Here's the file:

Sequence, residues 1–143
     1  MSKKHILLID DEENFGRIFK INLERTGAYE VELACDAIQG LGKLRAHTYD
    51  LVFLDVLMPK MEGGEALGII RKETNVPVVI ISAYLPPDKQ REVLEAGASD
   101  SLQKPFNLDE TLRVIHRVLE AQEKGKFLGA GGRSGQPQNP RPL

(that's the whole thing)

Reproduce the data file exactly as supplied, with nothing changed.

Sequence, residues 1–143
     1  MSKKHILLID DEENFGRIFK INLERTGAYE VELACDAIQG LGKLRAHTYD
    51  LVFLDVLMPK MEGGEALGII RKETNVPVVI ISAYLPPDKQ REVLEAGASD
   101  SLQKPFNLDE TLRVIHRVLE AQEKGKFLGA GGRSGQPQNP RPL